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Preliminary Rulings

Another type of proceeding relates to preliminary rulings that the Court of Justice issues on the initiative of the courts in the Member States. This can apply to interpretation of the Treaties themselves or to the validity or the correct interpretation of legal acts adopted under the Treaties.

When such a question is raised before a national court, that court may, if it considers a decision from the Court of Justice necessary for its own adjudication, ask the Court for a preliminary ruling. If such question is raised in a case pending before a court or tribunal of a Member State against whose decisions there is no judicial remedy under national law, that court shall bring the matter before the Court of Justice (Art 267 TFEUU7 One purpose of this obligation is to avoid a domestic case law in any Member State that does not comply with EU rules. The Court of Justice has set strict requirements for when EU law is deemed to be so obvious that a national court against whose decisions there is no judicial remedy can decline to seek a preliminary ruling.58 It is, however, in practice the national court itself that assesses whether it needs a decision from the Court of Justice, and an obligation to turn there thus exists. Failure to seek a ruling, when it is mandatory, is an infringement of the Treaties and may be the basis for an infringement proceeding initiated by the Commission. Since national courts have no jurisdiction to declare a Community act invalid, they are in practice forced to turn to the Court of Justice if such examination becomes necessary in cases pending before them.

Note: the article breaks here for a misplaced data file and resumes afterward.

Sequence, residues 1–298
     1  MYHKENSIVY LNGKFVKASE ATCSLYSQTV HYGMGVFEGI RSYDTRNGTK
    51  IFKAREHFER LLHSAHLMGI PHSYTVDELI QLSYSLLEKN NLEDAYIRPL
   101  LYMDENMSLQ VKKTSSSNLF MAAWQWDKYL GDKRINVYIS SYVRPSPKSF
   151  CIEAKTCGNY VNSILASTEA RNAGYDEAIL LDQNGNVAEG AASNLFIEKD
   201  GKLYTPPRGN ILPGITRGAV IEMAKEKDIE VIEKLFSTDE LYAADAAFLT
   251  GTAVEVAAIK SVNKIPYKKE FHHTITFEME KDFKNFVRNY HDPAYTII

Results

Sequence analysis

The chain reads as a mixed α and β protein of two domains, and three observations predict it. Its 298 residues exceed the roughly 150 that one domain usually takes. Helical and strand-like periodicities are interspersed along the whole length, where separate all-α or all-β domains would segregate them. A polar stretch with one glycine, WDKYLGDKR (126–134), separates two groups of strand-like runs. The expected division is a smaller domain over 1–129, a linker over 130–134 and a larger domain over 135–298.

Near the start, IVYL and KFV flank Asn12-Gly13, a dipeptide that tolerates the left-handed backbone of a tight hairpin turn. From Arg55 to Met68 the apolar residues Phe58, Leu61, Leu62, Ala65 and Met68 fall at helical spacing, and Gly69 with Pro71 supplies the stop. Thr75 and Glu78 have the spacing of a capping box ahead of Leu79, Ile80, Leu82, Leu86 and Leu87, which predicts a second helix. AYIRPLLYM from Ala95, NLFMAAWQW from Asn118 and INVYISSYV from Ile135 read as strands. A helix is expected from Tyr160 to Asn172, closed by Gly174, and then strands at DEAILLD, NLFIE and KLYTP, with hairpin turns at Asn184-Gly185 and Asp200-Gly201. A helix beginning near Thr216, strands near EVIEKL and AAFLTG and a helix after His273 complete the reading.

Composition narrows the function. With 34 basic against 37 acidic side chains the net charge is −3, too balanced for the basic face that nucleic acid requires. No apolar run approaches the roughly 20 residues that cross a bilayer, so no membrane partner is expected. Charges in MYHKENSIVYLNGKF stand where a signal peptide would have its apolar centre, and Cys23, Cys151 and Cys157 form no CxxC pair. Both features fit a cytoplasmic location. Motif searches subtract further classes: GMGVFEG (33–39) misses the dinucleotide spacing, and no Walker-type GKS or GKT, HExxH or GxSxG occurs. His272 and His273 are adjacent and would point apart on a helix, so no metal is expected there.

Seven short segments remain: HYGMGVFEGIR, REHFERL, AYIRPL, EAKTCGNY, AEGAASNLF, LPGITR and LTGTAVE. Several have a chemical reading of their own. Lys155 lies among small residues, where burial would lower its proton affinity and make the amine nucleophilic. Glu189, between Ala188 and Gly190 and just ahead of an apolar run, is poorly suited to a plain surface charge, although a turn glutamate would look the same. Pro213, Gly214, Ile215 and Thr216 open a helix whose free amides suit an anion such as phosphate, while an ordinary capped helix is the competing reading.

It is the national court that has a right, and sometimes an obligation, to seek a preliminary ruling. The parties to a case do not have this possibility and the national court is not obliged to seek a preliminary ruling or ask a specific question from the Court of Justice at a party’s request.

The possibility of requesting preliminary rulings is not limited to courts in the narrow sense. EU case law shows that other bodies exercising a governmental judicial function are also covered in many cases.59 The possibility to request a [1] [2]

preliminary ruling is extensive also as regards the scope of the problems. The Court of Justice is in principle obliged to give a ruling as long as the questions asked concern the interpretation of EU law. The Court can, however, reject a request from a national court if, among other things, the questions are hypothetical or the Court lacks the factual or legal material necessary to give a useful answer.60

The Court of Justice cannot in the context of a preliminary ruling procedure repeal a piece of EU legislation but may declare the law invalid, which has a very similar effect.61 Even if this is not stated in the Treaties, a preliminary ruling is binding on the national court that has requested it for the interpretation of the EU rules in question. Further, if the Court of Justice rules that an EU legislative act is invalid, not only the court requesting the preliminary ruling, but every national court must consider the act invalids The Court of Justice’s interpretation in the context of a preliminary ruling also has a retroactive effect^3

The Court of Justice’s role in a preliminary ruling is to clarify how EU law should be interpreted, while it is for the national court to apply the interpretation of EU rules to the individual case. In practice, however, the Court has not hesitated to formulate its decisions in a way that involves a fairly clear position, for example regarding a particular national rule’s compatibility with EU law.64